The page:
A Multiproxy Record of Late Holocene Environmental Change in Arancibia, Costa Rica

Authors: Sally P. Horn*, University Of Tennessee, Erik N Johanson, Florida Atlantic University , Mauricio Murillo Herrera, University of Costa Rica , Chad S Lane, University of North Carolina Wilmington, Taber Friedel, Florida Atlantic University , Morgan Steckler , University of Tennessee, Mathew S Boehm, University of Tennessee , Qiusheng Wu, University of Tennessee
Topics: Paleoenvironmental Change
Keywords: Central America, lake sediments, climate change, landslides, human-environment interactions
Session Type: Virtual Paper
Day: 4/7/2021
Start / End Time: 9:35 AM / 10:50 AM
Room: Virtual 40
Presentation File: No File Uploaded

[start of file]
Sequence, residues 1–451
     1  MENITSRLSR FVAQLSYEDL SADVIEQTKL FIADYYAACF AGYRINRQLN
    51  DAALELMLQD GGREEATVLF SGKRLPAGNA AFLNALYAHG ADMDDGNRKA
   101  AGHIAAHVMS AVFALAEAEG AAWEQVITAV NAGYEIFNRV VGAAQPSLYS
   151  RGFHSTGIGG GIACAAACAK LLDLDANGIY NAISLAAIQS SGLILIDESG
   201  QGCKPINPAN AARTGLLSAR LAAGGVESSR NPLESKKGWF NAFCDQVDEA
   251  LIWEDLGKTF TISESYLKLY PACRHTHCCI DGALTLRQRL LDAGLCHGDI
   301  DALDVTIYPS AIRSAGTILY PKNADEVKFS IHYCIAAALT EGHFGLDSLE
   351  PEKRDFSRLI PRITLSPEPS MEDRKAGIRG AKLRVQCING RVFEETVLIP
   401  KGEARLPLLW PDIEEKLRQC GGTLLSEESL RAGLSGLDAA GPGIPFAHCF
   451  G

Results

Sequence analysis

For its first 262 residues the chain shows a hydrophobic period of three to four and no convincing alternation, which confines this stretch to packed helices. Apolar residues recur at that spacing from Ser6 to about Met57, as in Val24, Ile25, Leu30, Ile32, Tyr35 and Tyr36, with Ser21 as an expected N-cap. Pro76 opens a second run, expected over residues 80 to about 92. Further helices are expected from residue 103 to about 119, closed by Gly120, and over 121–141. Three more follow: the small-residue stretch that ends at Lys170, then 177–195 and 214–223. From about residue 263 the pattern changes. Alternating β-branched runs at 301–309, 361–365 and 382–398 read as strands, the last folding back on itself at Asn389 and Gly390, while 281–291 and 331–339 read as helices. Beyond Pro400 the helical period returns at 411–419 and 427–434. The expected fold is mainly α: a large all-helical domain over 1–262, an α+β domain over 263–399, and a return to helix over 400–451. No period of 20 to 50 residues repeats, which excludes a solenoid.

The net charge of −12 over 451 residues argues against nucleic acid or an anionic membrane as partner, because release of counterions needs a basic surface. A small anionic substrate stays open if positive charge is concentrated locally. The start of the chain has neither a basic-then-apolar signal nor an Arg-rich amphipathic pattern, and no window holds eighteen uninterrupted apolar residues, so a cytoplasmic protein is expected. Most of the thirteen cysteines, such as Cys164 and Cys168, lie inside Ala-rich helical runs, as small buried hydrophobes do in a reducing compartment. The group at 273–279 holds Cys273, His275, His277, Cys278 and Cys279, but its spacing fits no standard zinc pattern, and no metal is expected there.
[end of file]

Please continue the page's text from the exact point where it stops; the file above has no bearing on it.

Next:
Laguna Arancibia is a small (1.5 ha), moderately deep (6.2 m) lake located at ca. 1250 meters elevation on the Pacific slope of the Cordillera de Tilarán in Costa Rica. The lake occupies a closed basin in an area of frequent landslides and probably formed from a slide or slump. In 2019, we recovered parallel cores from the deepest part of the basin for paleoenvironmental analyses. Radiocarbon dates indicate the profile extends to 1400 cal yr BP. Shifts in mineral content, magnetic susceptibility, and stable carbon isotope ratios indicate changes in watershed conditions that likely reflect both agricultural land use and repeated landslides near the lake. Three intervals of more positive δ13C values suggest enhanced agricultural activity from 1410–1310 cal yr BP, 825–790 cal yr BP, and 550–515 cal yr BP. These first two intervals bracket the Terminal Classic Drought between 1200 and 850 cal yr BP. This interval of regional drought in the circum-Caribbean may have been dry at Laguna Arancibia, leading to a reduction in agricultural activity. The Spanish Conquest of Costa Rica may have reduced or eliminated agriculture in the basin around 500 years ago. Ongoing analyses of pollen grains, diatoms, charcoal fragments, and hydrogen isotopes in leaf waxes will test these interpretations. We also plan additional sediment coring closer to the edge of the lake, where we may be able to recover deeper lake sediments, if present, and archaeological investigations at the lake, to enable comparison of trajectories of social and environmental change.

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